What does it take for supply chains - as a whole - to progress? A lot, that’s for sure, but among the more specific items, I would say a vibrant online community. Two decades ago, as a teenager, I discovered the Joel On Software Forum (now defunct) and found there an incredible community to enter the realm of the software business. Learning about programming, that part was covered already but learning to think like the owner of a software business, that was something else entirely. What I learned through this forum proved invaluable later on while running Lokad.
Yet, on the supply chain side, the story is very different. To date, I still do not know of any online community around supply chain that is anywhere as informative and vibrant as those forums used to be for software. This lack of access to supply chain insights complicated my own journey in this realm a lot. Everything of substance I know about supply chains, I had to learn one client at a time, frequently one NDA at time. Of all the obstacles I faced in my journey, the opacity of supply chains proved time and again the most challenging aspect.
Supply chain has quite an abundant literature, mostly produced by academics and consultants. I read a lot, yet the sum total of all the book-derived supply chain insights I gathered over a decade and a half is somewhat underwhelming. Books and papers are imperfect substitute for intelligent discussions with peers.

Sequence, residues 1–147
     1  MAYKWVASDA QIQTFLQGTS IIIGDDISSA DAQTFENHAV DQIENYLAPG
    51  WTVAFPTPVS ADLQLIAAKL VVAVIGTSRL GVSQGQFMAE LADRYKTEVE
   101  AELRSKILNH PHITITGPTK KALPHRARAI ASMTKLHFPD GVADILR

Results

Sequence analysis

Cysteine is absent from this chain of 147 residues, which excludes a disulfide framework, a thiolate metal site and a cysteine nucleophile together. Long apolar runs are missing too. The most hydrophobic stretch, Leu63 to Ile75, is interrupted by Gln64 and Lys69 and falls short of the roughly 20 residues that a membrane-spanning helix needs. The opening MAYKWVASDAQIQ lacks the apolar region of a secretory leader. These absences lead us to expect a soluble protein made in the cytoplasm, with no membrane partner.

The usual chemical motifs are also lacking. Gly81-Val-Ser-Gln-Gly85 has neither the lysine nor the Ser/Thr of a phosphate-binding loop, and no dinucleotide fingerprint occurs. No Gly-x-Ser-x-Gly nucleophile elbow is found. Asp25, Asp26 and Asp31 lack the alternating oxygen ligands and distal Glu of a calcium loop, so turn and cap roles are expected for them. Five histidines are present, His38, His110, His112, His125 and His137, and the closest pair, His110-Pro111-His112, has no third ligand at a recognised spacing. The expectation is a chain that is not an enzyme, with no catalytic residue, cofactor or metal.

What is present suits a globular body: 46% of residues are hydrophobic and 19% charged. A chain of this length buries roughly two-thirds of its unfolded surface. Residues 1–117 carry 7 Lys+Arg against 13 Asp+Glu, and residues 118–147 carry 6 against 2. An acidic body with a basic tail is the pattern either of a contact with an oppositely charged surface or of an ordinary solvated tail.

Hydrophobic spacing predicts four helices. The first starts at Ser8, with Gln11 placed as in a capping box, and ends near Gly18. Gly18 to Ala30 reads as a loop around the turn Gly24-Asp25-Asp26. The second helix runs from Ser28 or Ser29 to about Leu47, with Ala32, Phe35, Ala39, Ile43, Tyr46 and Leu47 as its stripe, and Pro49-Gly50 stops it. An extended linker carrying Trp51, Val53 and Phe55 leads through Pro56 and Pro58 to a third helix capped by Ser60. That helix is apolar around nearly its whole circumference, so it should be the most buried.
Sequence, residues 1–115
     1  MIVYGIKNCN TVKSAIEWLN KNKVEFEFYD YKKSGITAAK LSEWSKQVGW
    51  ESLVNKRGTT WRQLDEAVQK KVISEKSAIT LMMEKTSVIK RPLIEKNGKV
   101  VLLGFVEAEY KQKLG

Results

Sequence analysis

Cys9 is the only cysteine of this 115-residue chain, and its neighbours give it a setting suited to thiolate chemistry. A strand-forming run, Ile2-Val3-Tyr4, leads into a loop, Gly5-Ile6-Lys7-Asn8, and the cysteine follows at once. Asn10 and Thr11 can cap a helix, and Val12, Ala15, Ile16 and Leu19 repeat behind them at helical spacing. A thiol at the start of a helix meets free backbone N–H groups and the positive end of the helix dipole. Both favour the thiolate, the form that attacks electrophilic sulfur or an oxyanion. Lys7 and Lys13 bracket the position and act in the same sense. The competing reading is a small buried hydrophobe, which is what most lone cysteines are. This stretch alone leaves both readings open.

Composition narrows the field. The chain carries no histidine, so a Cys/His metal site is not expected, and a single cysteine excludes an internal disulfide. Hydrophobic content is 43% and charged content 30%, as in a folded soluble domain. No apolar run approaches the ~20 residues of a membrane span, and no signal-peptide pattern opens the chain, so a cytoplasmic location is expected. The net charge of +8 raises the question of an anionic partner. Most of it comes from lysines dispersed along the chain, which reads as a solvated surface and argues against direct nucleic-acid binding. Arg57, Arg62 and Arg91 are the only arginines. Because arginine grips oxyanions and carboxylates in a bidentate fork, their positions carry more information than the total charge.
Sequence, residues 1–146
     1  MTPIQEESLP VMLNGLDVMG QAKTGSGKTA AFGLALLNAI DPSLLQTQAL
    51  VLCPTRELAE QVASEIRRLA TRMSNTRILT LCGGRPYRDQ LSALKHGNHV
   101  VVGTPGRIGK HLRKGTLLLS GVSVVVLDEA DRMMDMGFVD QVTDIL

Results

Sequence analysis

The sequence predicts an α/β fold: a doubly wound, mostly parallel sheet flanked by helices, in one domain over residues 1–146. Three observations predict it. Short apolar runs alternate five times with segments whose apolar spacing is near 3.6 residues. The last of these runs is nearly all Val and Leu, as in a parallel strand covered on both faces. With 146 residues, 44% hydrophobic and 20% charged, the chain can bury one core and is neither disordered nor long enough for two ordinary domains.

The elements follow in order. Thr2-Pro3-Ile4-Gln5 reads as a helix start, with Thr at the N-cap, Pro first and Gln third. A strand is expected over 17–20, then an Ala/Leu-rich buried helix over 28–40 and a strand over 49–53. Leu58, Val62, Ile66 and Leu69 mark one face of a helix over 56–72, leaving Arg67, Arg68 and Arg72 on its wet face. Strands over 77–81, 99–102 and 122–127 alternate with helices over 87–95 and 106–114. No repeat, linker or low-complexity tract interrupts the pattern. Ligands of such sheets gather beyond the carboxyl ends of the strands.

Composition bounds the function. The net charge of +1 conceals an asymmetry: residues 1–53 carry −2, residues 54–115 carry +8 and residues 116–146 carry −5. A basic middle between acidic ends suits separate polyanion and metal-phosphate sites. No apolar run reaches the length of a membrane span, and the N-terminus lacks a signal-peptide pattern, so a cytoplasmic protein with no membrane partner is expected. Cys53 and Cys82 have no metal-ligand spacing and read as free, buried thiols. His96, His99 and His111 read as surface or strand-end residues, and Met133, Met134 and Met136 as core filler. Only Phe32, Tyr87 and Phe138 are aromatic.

My ambition is to create a vibrant online community for supply chain-minded people. No terms to accept, no forced login, no ads, no monetization plan, just a plain discussion text-based board, with a voting system to let the most interesting contributions surface.
On-Topic: Anything that a good supply chain practitioner would find interesting. That includes more than safety stocks and service levels. If you had to reduce it to one sentence: anything that gratifies a curious supply chain-minded person.
Off-Topic: Most stories about politics, or crime, or sports - unless they are precisely having an impact on supply chains. Vague self-help, funny videos, or cute animal pictures. If it gets thousands of likes on LinkedIn, it’s probably off-topic.
Give it a try!
Annex: Survey of the alternatives
LinkedIn: Anything and everything. Hardly supply chain focused. The groups that focus on supply chain are filled with hundreds of low-quality posts per day that advertise everything a supply chain division may ever buy, employ, or rent. Discussions do happen, but they end up being lost amidst less relevant content. Finally, everything posted on LinkedIn essentially disappears after a week or two. Once it’s gone from your feed, it’s basically gone forever. No search engine will save you.
Reddit (the /r/supplychain group): The opposite of LinkedIn, and endless stream of elementary questions (what are my prospects in supply chain?). The moderators aggressively purge anything linking outside. Posts about my supply chain lectures have been systematically purged. Also, Reddit is a complete mess for any coherent discussion.
Quora (the supplychainmanagement.quora.com space): An intermediate between LinkedIn and Reddit. Unfortunately, the Q&A format (questions & answers) is restrictive and does not lend itself much to interesting discussions. Furthermore, the website suffers from the same bloat that plagues both LinkedIn and Reddit.